Maziarz, for his part, claimed not to be interested in the maneuvering against him. "I'm just too busy trying to save Delphi to worry about the election for next year," he said in an interview.
Soos, who voted Burgio's way most of the time as alderman at large, said he'd favor a Burgio effort for state senator. "I'd like to see him do something. Dave's my age . I don't know if he'd want to go back and forth to Albany. I know it would burn me out, but Dave's an energetic guy. If he wanted to do it, I'd back him 100 percent," Soos said.
"Whoever would have thought Dave Burgio would become a sugar daddy for the North Tonawanda Democratic Party?" sniped Wojtaszek.
>Comment drives wedge
Meanwhile, the business of government will have to go on. Can Soos, who will probably be looking for state aid for city government, work with Maziarz?
"Oh, absolutely," Maziarz said. "I've gotten a lot of money for North Tonawanda. We look at projects, not people."
"No," said Carney, who lost to Soos by about 300 votes.
"[Soos] has already driven a wedge between the two of them with the comment he made after the election that he beat the machine," Carney said.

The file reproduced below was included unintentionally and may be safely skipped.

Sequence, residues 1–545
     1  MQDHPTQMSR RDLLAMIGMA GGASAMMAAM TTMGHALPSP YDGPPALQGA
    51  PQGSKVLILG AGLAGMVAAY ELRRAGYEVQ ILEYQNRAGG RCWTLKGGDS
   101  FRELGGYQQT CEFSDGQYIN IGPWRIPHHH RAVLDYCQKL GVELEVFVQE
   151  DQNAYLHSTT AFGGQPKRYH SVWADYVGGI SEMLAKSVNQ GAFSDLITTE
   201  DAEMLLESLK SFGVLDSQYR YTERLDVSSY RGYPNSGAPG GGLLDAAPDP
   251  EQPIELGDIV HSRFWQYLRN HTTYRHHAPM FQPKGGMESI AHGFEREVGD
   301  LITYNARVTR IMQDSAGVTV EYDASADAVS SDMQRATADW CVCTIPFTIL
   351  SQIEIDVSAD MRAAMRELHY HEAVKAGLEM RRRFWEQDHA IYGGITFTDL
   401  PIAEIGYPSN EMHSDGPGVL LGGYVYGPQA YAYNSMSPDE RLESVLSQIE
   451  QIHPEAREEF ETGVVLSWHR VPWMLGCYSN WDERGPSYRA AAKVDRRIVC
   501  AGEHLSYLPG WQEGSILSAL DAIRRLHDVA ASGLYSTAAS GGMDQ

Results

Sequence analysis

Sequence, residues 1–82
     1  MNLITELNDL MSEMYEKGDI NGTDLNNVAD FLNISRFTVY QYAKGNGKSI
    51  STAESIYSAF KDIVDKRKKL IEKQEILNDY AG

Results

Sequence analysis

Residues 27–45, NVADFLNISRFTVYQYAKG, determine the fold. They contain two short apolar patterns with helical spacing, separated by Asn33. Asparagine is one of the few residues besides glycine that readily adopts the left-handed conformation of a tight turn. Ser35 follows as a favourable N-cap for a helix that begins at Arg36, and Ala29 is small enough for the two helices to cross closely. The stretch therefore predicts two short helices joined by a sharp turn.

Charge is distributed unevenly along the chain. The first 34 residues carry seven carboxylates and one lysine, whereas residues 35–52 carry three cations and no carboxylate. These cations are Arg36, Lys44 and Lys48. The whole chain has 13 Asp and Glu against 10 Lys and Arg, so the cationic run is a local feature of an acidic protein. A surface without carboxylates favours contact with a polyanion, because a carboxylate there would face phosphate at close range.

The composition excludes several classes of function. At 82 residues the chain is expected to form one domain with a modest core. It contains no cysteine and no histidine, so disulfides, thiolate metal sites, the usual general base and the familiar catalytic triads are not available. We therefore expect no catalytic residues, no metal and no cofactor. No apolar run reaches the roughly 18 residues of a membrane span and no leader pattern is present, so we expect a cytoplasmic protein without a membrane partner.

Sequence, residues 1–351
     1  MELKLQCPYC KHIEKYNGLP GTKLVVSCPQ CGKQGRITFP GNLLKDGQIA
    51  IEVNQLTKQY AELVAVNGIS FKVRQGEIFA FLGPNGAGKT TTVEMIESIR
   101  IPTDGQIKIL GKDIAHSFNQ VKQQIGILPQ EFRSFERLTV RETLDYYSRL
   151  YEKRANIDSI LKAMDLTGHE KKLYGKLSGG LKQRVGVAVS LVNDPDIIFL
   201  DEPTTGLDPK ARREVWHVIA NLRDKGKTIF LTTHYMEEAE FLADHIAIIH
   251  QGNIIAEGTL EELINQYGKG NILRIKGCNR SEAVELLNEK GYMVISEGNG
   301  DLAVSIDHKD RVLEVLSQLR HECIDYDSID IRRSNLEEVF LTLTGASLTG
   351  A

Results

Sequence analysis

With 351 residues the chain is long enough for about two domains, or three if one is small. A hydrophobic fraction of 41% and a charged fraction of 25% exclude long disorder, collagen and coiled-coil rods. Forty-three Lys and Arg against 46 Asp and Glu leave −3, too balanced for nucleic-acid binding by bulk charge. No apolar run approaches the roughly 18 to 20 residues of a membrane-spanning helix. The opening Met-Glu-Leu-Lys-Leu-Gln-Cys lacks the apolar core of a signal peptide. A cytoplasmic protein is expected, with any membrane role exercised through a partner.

"I don't know," Soos said. "I'm going to offer the olive branch."
But Soos said he's looking forward to what happens after the 2006 election. He anticipates help for North Tonawanda from a Democratic governor and two Democratic U.S. senators, taking it for granted that Eliot L. Spitzer will win the governor's seat and that Hillary Rodham Clinton will be re-elected to the Senate to continue to work with Charles E. Schumer. Soos said he has talked with all of them.
"They're going to want to give money to a Democratic mayor. They're really excited about my election and Niagara County. They think we're going to start destroying the Republican power base," Soos said.
>GOP turned on its own
Four years ago, just as it did this year, the GOP organization turned against an incumbent mayor of its own party, when it backed Burgio against Mary C. Kabasakalian. Burgio won the Republican primary and the general election, but before long he was at odds with the party hierarchy.
Burgio thinks the trouble began even during his successful campaign. He said Richard Winter, a close friend and former aide to Maziarz, approached him with an offer.